The methods used by the UK Police to investigate complaints of rape have unsurprisingly come under much scrutiny in recent times, with a 2007 joint report on behalf of HM Crown Prosecution Service Inspectorate and HM Inspectorate of Constabulary concluding that there were many areas where improvements should be made. The research reported here forms part of a larger project which draws on various discourse analytical tools to identify the processes at work during police interviews with women reporting rape. Drawing on a corpus of video recorded police interviews with women reporting rape, this study applies a two pronged analysis to reveal the presence of these ideologies. Firstly, an analysis of the discourse markers ‘well’ and ‘so’ demonstrates the control exerted on the interaction by interviewing officers, as they attach importance to certain facts while omitting much of the information provided by the victim. Secondly, the interpretative repertoires relied upon by officers to ‘make sense’ of victim’s accounts are subject to scrutiny. As well as providing micro-level analyses which demonstrate processes of interactional control at the local level, the findings of these analyses can be shown to relate to a wider context – specifically prevailing ideologies about sexual violence in society as a whole.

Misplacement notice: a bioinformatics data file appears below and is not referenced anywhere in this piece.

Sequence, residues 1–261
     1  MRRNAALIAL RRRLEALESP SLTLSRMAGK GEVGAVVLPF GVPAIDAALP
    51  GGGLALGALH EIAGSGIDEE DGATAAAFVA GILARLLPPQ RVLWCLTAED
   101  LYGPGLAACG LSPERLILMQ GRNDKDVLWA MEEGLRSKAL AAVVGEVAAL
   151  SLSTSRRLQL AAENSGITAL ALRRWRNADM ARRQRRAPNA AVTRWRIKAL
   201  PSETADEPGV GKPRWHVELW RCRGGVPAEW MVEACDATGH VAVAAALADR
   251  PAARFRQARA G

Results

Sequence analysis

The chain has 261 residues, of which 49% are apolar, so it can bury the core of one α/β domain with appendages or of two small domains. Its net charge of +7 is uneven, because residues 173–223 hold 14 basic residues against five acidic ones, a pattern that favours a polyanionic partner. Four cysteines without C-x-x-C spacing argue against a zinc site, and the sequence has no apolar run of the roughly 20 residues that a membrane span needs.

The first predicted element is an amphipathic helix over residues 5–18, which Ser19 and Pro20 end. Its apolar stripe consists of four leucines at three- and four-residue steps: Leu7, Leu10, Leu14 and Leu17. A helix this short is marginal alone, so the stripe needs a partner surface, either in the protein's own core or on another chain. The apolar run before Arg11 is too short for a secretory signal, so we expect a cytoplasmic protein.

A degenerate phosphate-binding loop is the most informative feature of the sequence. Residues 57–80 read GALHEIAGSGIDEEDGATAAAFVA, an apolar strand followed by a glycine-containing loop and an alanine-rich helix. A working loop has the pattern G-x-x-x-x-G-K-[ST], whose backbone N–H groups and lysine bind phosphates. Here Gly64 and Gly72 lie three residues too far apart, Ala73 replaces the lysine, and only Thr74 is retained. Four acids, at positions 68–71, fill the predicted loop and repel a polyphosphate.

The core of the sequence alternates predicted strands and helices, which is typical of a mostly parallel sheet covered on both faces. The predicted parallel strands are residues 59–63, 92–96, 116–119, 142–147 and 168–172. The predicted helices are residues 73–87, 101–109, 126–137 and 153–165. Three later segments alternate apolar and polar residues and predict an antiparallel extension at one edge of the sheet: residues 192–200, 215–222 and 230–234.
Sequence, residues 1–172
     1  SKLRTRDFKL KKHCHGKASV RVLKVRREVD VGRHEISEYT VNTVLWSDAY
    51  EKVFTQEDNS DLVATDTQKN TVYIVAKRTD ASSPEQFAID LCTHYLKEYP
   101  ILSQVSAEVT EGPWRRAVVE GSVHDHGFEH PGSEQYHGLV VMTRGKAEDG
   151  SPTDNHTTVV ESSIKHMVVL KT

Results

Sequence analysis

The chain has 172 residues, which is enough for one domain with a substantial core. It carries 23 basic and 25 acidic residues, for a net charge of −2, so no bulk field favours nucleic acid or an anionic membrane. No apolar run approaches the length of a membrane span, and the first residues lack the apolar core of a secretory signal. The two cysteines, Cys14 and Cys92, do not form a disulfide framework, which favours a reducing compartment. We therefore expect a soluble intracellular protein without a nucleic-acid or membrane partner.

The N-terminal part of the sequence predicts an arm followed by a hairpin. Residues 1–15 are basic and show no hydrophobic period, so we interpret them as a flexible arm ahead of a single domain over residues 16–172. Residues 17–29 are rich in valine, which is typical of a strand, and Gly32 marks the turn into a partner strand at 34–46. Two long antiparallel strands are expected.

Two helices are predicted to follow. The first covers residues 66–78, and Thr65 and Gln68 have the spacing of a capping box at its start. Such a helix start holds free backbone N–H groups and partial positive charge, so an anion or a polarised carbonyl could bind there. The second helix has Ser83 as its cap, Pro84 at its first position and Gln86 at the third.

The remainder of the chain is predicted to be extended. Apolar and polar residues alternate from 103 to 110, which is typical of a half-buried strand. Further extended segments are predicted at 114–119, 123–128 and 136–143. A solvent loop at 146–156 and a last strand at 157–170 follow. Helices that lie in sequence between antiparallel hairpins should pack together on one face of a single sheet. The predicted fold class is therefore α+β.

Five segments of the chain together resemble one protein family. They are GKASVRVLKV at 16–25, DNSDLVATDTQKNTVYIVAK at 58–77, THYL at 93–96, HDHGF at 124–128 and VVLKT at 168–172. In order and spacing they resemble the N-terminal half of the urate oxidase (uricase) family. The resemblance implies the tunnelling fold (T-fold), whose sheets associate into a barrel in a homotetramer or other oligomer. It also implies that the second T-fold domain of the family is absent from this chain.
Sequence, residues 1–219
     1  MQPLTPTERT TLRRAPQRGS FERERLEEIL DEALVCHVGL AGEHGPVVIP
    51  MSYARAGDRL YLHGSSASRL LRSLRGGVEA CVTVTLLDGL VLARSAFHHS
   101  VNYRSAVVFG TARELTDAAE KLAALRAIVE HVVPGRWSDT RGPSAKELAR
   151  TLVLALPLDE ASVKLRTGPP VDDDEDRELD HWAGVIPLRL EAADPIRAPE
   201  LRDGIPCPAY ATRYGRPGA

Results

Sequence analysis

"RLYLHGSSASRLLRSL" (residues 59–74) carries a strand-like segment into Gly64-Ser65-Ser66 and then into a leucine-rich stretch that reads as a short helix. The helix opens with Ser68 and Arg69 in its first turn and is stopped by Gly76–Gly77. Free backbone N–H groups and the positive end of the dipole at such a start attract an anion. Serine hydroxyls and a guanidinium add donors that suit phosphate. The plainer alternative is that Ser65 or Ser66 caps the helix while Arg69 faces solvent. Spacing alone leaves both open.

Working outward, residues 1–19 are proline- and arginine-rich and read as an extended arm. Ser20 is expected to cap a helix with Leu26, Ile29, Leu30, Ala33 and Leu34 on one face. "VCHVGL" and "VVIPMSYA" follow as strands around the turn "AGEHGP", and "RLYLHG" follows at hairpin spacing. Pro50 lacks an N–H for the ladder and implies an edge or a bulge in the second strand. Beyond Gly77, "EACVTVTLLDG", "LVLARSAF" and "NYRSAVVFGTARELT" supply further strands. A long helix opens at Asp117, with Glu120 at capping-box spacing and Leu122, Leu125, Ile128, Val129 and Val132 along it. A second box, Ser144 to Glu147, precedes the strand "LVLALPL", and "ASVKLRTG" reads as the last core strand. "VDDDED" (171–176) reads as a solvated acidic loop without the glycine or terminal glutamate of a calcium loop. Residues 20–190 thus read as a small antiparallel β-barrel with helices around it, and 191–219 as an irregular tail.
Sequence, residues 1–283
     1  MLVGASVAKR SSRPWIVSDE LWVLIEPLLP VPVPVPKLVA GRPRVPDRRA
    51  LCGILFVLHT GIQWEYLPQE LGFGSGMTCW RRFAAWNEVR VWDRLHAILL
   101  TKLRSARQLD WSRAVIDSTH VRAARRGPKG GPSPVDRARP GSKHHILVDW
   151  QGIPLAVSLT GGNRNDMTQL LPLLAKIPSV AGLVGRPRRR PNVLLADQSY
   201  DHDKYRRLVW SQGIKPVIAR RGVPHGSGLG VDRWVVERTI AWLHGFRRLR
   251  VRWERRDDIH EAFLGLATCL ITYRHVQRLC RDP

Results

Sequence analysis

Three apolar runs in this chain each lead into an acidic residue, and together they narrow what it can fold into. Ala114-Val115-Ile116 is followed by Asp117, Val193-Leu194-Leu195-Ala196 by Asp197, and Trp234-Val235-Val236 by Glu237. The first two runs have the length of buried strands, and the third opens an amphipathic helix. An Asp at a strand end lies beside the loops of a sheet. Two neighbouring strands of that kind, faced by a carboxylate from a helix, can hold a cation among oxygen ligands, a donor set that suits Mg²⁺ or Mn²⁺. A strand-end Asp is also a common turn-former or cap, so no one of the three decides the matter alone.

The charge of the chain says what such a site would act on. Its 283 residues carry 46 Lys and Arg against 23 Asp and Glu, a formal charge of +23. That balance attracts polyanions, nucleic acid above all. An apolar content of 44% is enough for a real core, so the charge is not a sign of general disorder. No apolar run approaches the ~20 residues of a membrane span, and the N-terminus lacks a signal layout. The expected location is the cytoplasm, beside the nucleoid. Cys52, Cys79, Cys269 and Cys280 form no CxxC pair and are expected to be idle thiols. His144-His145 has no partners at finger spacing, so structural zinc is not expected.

|Number of pages||12|
|Journal||Critical Approaches to Discourse Analysis Across Disciplines|
|Publication status||Published - 2009|
Bibliographical noteCopyright © 2009
- police interviews
- discourse markers
- interpretative repertoires